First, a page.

In the synthesizer world, there is an ongoing search for a Next Big Thing in both fresh sounds and the mechanics of sound production. One example is physical modeling, which allows one to change the shaping of a sound from moment to moment, as opposed to pressing a key and merely having a static sound emerge. Even if that sound is harmonically rich, having it respond fluidly to parameters such as air pressure and the tonguing of a reed takes it to a new height that brings even obviously electronic sounds closer to a more human level of expression. Because advancing computer power has allowed physical models of wind, brass and stringed instruments to be implemented to a usable degree, there is a fresh challenge in applying known techniques to previously unheard sounds.

One thing that makes Deep Forest stand out is that in each of their first 3 releases, a different overall region and its native music are applied. The method is similar in each, but the tone and genesis of those folk musics is retained, giving each a sparkle unique to itself. There are the pygmy ritual songs of the 1st disc, with their child-like tone and high-pitched base. In their 2nd release, "Boheme," they drew from Transylvanian, Hungarian and even Balinese sources. Then there is their 3rd, "Comparsa," with its Afro-Caribbean focus. Although the DF approach is apparent throughout, you can readily get a feel for the native cultures from which the sparks are struck. It is often all but hypnotizing to hear the old, the new and the literally out-of-town melded in a world where 4/4 club-floor beats or often engaging yet easily-digested "emo" rock usually dominate. They also make good use of singers who specialize in styles DF seeks to both present in a pure form and enhance with their own touches. As with languages of India and Pakistan, the accents and flow are a few steps away from what we traditionally know from a more occidental perspective.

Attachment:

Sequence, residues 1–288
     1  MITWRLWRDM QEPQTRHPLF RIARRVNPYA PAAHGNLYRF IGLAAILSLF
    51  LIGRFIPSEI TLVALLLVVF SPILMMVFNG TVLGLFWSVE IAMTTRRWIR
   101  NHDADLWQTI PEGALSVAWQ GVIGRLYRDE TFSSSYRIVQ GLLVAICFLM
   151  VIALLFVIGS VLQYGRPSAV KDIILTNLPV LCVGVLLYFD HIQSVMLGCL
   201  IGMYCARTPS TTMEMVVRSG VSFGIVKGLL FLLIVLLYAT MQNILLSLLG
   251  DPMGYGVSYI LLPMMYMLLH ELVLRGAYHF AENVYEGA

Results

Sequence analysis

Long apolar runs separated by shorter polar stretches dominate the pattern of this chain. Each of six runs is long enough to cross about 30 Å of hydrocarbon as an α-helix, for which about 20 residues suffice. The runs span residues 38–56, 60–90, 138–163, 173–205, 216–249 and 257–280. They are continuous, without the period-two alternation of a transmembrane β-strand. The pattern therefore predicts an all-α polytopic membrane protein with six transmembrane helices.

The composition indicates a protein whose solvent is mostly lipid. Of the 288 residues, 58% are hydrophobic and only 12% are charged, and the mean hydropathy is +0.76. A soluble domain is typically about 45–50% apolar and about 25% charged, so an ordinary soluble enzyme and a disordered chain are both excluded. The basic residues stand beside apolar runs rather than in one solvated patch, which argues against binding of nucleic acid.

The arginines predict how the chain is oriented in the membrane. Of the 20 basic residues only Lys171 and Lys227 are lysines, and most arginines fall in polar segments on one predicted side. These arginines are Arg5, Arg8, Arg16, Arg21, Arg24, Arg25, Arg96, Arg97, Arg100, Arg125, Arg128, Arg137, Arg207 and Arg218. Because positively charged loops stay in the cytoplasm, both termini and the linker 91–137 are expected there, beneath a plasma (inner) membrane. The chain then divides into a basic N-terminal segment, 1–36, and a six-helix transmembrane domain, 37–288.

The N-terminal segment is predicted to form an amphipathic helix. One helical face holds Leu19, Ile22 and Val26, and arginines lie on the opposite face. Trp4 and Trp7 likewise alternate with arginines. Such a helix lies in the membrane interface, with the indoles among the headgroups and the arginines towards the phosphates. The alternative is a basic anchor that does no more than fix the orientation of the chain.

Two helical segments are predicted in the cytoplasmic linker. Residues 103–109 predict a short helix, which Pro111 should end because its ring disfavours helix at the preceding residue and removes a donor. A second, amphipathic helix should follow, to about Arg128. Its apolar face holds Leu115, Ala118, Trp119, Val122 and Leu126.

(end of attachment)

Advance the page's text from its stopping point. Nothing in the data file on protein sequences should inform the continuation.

Their most recent release, "Made In Japan (Music Detected),"was, in my view, a somewhat less satisfying venture, as it did not draw as much from the stated Oriental cultures as it stepped back to a more traditional dance format. It still has several gratifying moments, however and I will not hesitate to buy their next release. Just FYI and IMHO.

I would also strongly recommend to you Michel Sanchez's instrumental solo release "Windows," which allows listeners of the Deep Forest releases to more clearly define his contributions to those titles. There is a cut called
"After the Rain" and another named "Humming Birds" in which he performs lilting piano solos that are most impressive. I was able to appreciate his synthesizer work even more after hearing his mastery of the acoustic piano, which takes a different ear and set of muscles to master.

Deep Forest will not appeal to everyone, but it is hard to imagine that most could not appreciate them for their depth, sparkle and compositional clarity. They fulfill the promise of the remarkable technology now at hand with great vigor and heart, yet also succeed beautifully in reminding us that there is a vast cultural palette from which can be drawn fine and humbling aspects of simply being human.